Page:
FEATURES • Summer 2001

By Liam Otten

Printmaker Joan Hall is inspired by a sense of journey. A talented sailor, Hall uses the natural beauty of the sea and its inhabitants as a backdrop for her imagery.


Joan Hall's midtown studio is big, really big—big enough that the prints and the presses and the flowing works-in-progress seem to dwarf an old hand-wrought sailboat whose unfurled canvas bridges the gap between work space and living room. The placement is no coincidence. Hall, the Kenneth E. Hudson Professor of Art, is also an experienced sailor, and her elegant abstractions often reflect the rippling, ever-changing features of light on water.

For the moment, though, Hall's attention is fixed on a small architectural model, a scale rendition of the Museum Art Center, Silkeborg Bad, in Silkeborg, Denmark, which recently invited her to create the largest installation of her career. A renowned print- and papermaker, Hall has spent 12 weeks researching and planning a 100' x 20' flood of brightly colored undersea creatures and polymorphous vegetation, punctuated with gunmetal scraps of nautical flotsam and the occasional ashen cargo ship. All that remains is to cast each of the 112 elements in thick, three-dimensional cotton rag pulp. And then, of course, to start printing. (She is one of 10 artists from around the world invited to work in an original way with the medium paper.)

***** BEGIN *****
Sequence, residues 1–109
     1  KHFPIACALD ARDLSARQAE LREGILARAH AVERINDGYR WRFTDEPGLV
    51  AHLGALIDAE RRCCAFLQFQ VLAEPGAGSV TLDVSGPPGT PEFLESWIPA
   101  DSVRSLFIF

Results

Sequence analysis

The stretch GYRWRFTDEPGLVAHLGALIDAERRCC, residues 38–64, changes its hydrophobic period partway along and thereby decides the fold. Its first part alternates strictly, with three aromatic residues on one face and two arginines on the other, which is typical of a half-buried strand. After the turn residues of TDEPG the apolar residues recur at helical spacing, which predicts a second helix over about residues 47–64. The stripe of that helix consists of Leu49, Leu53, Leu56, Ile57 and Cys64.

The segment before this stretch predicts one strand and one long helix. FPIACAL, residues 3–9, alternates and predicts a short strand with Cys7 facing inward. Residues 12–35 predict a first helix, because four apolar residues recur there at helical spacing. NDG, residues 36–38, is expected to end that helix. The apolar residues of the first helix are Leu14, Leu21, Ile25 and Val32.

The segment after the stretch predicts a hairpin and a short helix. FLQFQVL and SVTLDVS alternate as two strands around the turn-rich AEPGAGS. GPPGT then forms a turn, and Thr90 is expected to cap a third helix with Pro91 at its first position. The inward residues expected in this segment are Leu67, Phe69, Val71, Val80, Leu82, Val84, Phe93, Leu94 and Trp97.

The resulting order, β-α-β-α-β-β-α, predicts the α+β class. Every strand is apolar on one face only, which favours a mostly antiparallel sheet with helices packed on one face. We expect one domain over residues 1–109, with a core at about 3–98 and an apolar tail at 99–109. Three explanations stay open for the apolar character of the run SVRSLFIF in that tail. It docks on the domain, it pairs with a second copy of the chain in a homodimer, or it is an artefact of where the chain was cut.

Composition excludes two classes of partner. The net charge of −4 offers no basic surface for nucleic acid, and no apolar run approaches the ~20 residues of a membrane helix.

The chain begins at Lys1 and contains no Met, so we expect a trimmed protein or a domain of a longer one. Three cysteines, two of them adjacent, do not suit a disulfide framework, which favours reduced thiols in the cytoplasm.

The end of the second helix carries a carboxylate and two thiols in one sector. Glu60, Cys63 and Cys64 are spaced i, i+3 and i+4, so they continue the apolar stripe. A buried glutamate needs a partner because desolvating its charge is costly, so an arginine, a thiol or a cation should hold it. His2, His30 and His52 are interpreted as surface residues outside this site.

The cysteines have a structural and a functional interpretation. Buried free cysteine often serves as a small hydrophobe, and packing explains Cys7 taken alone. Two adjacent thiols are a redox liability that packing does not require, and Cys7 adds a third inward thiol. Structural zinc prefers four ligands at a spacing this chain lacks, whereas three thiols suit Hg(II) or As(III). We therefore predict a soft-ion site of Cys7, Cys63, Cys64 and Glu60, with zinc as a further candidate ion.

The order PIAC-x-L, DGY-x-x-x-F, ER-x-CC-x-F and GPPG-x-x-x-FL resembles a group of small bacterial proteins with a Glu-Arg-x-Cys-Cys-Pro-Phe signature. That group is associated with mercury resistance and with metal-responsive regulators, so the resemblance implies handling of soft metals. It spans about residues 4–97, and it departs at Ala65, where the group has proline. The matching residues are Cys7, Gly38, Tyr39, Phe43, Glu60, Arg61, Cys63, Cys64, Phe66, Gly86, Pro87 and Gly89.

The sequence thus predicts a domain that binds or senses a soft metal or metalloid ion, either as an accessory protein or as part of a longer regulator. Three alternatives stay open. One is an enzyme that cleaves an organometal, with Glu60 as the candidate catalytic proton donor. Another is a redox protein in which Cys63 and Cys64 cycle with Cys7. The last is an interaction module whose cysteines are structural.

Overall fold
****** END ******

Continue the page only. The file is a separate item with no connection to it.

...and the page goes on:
"The ocean is like another world," Hall muses. "Being out on the water, when you can no longer see land, you definitely feel like you're out of your element. I wanted to recreate that sense of journey and of the human need to explore and dream of new horizons.

"Making paper, that's the easy part."

Thinking About Making Art

The Silkeborg installation is Hall's latest work that crosses the boundaries of printmaking, papermaking, painting, and sculpture. Unlike more orthodox printers, for example, Hall rarely prints editions of her work, preferring to treat each as a one-of-a-kind artwork. In the early 1980s, she began using plaster casts to create large, freeform shapes from cotton and abaca pulp, often painting into the wet mixture with pure, undiluted pigment. A few years later, she hit on a method for hand-packing, rather than mechanically pressing, pulp into stiff, cardboard-like sheets, which she then overprinted and collaged with a spontaneous-seeming mix of media and materials.